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Screening Your Self-Storage Tenants: Preventing Internal Threats to Your Business

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By Lubabah Memon

As a self-storage operator, you have a pretty big responsibility on your hands: You need to ensure the security of the entire facility as well as the units within so tenants’ belongings aren’t vulnerable to theft. Although you may have taken multiple steps to safeguard your property, you’ll continue to face new challenges every day.

You would think your security measures would be enough to keep out thieves, but sometimes they’re not. Criminals are getting smarter and more strategic. To them, storage facilities can be untapped gold mines, and they’re figuring out how to get around your defenses. In today’s tech-savvy world, gate passcodes and surveillance cameras aren’t always enough to prevent someone from getting to their sought-out treasures.

In fact, the easiest way to get around your security is to become a tenant. This may be shocking, but if you think about it, it’s quite brilliant. A thief who’s a tenant has easy access to units and can literally walk right past you without causing a doubt in your mind. You might have a break-in every month, increase security accordingly, and never know the burglar was right under your nose the whole time.

What’s even worse is these crimes won’t just cost you time and money, they’ll cost you customers and your company’s reputation as well. Let’s talk about ways you can prevent one of your tenants from becoming the victim of another.

Put on Your Detective Hat

The best thing you can do is initiate strict tenant-screening practices that include background, credit and rental-history checks. You can also consider fingerprinting tenants and obtaining their Social Security numbers. This can seem a little extreme, and not all customers will be willing to jump through these hoops to rent a storage unit. You’ll need to decide if potentially losing some business is worth keeping your facility extra secure.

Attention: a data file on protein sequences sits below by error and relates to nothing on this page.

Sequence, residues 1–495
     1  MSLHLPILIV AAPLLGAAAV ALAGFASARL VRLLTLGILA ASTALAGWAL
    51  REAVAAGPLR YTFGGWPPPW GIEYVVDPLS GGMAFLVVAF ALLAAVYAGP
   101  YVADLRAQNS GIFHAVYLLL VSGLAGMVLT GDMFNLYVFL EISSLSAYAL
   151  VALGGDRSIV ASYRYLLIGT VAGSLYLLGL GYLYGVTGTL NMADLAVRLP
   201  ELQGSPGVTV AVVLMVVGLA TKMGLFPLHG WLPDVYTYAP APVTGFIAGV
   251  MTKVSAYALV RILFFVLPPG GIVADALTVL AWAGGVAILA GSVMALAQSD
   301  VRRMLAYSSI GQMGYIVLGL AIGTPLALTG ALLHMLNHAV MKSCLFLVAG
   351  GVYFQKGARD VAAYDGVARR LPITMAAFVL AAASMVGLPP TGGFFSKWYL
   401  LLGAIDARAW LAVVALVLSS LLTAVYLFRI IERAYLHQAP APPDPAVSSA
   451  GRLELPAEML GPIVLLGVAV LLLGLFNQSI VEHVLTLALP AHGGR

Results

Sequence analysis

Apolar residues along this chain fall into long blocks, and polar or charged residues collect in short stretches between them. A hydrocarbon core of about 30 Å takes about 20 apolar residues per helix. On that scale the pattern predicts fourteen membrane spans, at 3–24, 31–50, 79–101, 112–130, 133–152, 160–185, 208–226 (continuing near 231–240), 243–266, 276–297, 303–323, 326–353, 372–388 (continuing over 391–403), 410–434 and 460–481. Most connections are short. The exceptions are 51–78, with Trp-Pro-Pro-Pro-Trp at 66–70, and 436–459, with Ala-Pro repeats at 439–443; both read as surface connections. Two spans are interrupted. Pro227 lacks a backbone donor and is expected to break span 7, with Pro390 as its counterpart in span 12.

Essentially, you’re looking for red flags. The focus should be on individuals who’ve committed theft-related or violent crimes as well those who have a history of late or defaulted payments. Even something unrelated like missing child-support payments could be a cause for concern. A tenant’s history with all of these things can tell you a lot about whether he’s reliable or a risk.

Background checks can be a bit costly, but it’s better to invest in them than to risk a break-in. There are some cheaper and more efficient ways to get consumer information as well. Getting courthouse records can be time-consuming, so you might consider Internet databases such as Criminal Searches, Search Systems and Virtual Gumshoe. However, be careful and keep the Fair Credit Reporting Act (FCRA) in mind. The act places some restrictions on landlords and typically applies to all landowners, including storage owners and managers.

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